Intellectual Disabilities across the Lifespan
Chapter 1: Understanding Intellectual Disabilities
- In the history of treatment of persons with intellectual disabilities, advancements have
mostly been made by family members urging government and society.
- In tribes, people with intellectual disabilities were considered a burden, because of
consumption of food and water without contribution.
- Sterilization of persons with intellectual disabilities has been an issue for many years
and remains an issue in some countries.
- No single discipline has the breadth and depth of expertise and resources necessary to
fully support people who have intellectual disabilities
- Intellectual disabilities: encompasses a wide range of characteristics, it is both a label
of fact and a label of conjecture
- Fields in the involvement of intellectual disabilities:
o Biological and medical sciences, behavioural sciences (predominately psychology
but also anthropology and sociology), education, disciplinary collaboration
o Disciplinary collaboration: to better support individuals with intellectual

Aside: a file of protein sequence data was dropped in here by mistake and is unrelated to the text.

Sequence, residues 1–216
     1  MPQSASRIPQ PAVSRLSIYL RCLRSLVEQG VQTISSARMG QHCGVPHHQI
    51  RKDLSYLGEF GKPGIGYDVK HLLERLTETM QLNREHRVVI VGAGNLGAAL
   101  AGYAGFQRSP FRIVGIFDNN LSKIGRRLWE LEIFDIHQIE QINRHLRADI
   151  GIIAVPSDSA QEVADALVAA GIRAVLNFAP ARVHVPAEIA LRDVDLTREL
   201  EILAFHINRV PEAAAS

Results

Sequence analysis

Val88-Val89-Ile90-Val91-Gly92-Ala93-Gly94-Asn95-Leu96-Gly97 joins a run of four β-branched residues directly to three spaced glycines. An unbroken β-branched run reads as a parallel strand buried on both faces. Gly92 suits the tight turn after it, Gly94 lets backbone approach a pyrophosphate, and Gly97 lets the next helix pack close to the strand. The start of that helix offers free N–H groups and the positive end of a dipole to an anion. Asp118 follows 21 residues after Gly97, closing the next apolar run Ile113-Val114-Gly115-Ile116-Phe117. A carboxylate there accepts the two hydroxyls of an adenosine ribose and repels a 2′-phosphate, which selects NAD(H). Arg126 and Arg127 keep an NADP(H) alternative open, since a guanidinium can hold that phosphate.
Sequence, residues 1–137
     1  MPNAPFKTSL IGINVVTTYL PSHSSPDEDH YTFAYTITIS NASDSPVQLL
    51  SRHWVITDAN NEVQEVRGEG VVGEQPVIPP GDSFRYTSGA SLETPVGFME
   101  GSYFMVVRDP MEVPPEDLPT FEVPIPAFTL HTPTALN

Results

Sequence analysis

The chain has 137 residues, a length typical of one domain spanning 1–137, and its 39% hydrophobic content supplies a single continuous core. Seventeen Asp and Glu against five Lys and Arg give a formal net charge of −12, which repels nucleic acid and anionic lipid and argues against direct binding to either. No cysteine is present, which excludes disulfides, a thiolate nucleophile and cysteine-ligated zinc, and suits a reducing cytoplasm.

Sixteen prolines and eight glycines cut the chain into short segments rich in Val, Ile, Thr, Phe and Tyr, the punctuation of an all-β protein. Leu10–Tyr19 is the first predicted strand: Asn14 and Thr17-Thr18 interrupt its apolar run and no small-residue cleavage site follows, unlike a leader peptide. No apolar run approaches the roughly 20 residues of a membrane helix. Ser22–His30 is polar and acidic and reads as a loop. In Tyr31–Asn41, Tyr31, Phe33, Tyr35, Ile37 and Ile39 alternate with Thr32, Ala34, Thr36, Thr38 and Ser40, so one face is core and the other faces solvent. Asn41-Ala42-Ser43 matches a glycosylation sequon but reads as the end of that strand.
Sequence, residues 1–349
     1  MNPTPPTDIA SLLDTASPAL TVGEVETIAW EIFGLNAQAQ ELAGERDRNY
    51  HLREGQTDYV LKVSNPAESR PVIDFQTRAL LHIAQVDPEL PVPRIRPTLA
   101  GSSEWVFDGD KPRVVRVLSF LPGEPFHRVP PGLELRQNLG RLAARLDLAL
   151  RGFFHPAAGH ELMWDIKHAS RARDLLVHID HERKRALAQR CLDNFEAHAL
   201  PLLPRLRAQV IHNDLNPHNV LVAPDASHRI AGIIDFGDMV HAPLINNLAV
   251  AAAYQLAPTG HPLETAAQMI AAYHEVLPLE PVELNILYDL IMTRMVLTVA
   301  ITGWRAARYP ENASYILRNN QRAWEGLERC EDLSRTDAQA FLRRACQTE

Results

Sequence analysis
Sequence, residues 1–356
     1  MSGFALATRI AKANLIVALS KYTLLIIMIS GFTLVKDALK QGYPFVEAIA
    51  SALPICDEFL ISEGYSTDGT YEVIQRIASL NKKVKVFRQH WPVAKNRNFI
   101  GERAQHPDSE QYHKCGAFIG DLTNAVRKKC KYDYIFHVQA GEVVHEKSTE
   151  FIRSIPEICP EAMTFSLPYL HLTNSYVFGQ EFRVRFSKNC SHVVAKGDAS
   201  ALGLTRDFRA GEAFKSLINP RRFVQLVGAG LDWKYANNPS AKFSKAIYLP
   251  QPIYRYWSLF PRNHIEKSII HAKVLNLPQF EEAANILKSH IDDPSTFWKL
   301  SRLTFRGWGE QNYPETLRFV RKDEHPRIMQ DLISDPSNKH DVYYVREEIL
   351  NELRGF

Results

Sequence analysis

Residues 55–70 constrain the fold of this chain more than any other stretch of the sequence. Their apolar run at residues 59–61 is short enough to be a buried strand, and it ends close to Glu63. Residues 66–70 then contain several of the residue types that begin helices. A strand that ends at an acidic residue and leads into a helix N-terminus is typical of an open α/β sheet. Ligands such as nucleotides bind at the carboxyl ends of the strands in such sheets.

disabilities, professionals must coordinate efforts and involve the family.
Inclusion: implementing the principle of inclusion for all children with
disabilities involved placing a significant number of such children in
general education classrooms.
Serving children in an inclusive educational setting emphasized
the need for collaboration among professionals
- The concept of intellectual disabilities is made more complex because the varying
professions that deal with it hold widely divergent viewpoints.
- Definitions of intellectual disabilities have varied widely over the years between
- The AAMR (American Association on Mental Retardation) definition of mental
disabilities states that: Mental retardation is a disability characterized by significant
limitations both in intellectual functioning and in adaptive behaviour as expressed in
conceptual, social, and practical adaptive skills . The disability originates before age
o Assumption 1: limitations in present functioning must be considered within the
context of community environments typical of the individuals age group and
o Assumption 2: Valid assessment considers cultural and linguistic diversity as well
as differences in communication, sensory, motor, and behavioural factors
o Assumption 3: within an individual, limitations often coexist with strengths o Assumption 4: An important purpose of describing limitations is to develop a
profile of needed supports
o Assumption 5: When appropriate personalized supports over a sustained period
of the life functioning of the person with mental retardation generally will
- Measurement of adaptive behaviours: has always been a challenge, not achieving the
desired precision despite significant and continuing research efforts